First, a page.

Title

Face-to-Face or Facebook? Rethinking Social Media

Presentation Type

Presentation

Abstract

In modern, technologically advanced societies, social media have been credited with playing a pivotal role in bringing about activism and social change. Is this enthusiasm for sites like Facebook and Twitter justified, or do we give social media more credit than it deserves? We decided to test the efficacy of social media in actively promoting social change by creating our own localized activist campaign, hypothesizing that we needed some sort of offline activist component to our outreach to mobilize. We created a campaign to advocate for tap water on campus. To measure our success, we looked at the analytics provided on our Facebook page and Youtube channel, as well as surveys on Survey Monkey, and connected our likes, views, and results to the dates they occurred, often in concurrence with offline events. For our offline component, we staged a flashmob to both aid in spreading our message and to compare its efficacy to the success of the facebook page. Our research was also informed by a parallel campaign conducted by a group of students in Berlin, Germany, with which our test group—a seminar class of Global Leadership Initiative freshmen—collaborated.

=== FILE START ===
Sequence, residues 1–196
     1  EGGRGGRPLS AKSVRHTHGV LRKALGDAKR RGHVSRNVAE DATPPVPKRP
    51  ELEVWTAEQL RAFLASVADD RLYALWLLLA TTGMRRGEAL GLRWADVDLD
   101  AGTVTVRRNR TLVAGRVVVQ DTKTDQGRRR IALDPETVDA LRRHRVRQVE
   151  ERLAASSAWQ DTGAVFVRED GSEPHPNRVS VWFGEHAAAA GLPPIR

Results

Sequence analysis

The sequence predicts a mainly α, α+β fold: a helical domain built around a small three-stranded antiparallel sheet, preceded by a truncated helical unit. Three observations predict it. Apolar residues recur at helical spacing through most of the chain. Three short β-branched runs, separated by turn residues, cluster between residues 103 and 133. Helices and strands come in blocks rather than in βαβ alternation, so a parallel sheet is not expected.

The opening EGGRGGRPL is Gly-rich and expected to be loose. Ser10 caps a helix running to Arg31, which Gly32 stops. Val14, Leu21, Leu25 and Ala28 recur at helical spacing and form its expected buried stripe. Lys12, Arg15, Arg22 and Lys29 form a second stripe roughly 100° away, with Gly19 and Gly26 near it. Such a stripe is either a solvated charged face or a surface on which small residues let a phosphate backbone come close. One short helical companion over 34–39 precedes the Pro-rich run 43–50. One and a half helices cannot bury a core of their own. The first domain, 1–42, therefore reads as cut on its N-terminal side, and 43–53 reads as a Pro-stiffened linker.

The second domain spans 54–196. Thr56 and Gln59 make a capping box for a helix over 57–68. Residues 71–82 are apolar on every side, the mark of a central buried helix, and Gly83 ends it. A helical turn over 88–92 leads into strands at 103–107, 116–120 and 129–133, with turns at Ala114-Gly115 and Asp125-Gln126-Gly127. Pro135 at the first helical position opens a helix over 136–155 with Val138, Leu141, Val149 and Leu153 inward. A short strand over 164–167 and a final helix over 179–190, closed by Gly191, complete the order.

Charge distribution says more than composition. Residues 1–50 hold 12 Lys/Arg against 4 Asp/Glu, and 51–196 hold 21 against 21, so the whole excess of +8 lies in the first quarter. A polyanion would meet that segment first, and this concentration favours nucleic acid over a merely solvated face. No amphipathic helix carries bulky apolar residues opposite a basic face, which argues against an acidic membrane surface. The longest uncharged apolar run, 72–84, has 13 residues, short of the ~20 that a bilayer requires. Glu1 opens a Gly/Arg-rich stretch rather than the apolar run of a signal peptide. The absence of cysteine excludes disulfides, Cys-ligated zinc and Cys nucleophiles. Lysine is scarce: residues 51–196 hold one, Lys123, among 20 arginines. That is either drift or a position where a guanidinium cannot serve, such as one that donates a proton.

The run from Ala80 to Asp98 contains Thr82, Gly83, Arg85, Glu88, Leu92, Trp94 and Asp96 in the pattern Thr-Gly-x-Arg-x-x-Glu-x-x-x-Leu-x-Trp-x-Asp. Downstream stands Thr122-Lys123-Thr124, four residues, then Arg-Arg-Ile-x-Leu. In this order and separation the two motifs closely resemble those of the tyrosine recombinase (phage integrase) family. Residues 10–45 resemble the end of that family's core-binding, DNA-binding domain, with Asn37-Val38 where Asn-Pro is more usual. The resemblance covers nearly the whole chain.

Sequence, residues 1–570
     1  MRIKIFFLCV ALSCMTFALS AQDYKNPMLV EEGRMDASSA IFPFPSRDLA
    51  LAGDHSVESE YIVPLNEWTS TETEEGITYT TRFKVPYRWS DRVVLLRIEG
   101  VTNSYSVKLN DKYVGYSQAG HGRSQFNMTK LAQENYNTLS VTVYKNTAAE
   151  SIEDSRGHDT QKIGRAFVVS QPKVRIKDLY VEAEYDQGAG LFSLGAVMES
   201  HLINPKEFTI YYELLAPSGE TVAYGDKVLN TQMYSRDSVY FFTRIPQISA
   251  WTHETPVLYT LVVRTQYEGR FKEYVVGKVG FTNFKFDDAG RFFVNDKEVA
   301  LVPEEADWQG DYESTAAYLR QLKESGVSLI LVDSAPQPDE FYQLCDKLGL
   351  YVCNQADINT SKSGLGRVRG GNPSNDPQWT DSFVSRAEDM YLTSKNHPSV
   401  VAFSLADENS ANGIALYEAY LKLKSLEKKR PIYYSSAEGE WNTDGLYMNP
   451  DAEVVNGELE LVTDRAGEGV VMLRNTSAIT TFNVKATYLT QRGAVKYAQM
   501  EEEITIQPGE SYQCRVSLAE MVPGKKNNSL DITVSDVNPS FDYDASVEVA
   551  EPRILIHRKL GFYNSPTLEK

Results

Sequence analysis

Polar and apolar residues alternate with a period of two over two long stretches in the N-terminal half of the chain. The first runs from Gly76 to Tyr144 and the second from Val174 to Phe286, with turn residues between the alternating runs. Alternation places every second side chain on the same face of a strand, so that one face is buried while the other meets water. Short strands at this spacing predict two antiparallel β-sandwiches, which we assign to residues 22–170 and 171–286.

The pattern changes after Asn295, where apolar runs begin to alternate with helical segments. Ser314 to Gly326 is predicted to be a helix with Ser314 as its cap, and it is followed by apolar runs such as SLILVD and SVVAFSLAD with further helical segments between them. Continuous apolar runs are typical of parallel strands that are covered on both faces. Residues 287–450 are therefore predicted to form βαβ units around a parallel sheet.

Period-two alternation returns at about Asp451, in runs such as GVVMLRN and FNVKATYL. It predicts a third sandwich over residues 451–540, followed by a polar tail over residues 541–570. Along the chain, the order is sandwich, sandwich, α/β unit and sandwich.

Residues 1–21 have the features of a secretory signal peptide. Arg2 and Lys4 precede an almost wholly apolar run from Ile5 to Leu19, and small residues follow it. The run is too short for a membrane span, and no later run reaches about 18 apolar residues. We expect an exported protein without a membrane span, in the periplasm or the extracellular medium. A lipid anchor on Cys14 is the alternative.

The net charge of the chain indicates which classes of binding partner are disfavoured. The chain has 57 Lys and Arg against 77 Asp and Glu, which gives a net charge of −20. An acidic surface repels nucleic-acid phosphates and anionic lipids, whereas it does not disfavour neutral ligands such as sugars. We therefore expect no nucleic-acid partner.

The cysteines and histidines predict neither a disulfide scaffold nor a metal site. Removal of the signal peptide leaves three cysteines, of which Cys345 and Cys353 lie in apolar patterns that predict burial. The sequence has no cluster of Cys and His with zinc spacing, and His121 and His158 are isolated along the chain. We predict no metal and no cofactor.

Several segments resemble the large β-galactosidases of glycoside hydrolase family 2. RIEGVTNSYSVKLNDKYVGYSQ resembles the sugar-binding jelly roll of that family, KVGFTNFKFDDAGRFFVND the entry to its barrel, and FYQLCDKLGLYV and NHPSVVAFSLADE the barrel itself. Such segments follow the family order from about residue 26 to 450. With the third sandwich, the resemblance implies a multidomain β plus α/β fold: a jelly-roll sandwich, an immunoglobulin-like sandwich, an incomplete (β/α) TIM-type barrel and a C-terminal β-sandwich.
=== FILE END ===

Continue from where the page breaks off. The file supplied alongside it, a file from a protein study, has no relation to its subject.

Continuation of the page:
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Apr 12th, 4:00 PM Apr 12th, 4:20 PM

Face-to-Face or Facebook? Rethinking Social Media

UC 327

In modern, technologically advanced societies, social media have been credited with playing a pivotal role in bringing about activism and social change. Is this enthusiasm for sites like Facebook and Twitter justified, or do we give social media more credit than it deserves? We decided to test the efficacy of social media in actively promoting social change by creating our own localized activist campaign, hypothesizing that we needed some sort of offline activist component to our outreach to mobilize. We created a campaign to advocate for tap water on campus. To measure our success, we looked at the analytics provided on our Facebook page and Youtube channel, as well as surveys on Survey Monkey, and connected our likes, views, and results to the dates they occurred, often in concurrence with offline events. For our offline component, we staged a flashmob to both aid in spreading our message and to compare its efficacy to the success of the facebook page. Our research was also informed by a parallel campaign conducted by a group of students in Berlin, Germany, with which our test group—a seminar class of Global Leadership Initiative freshmen—collaborated.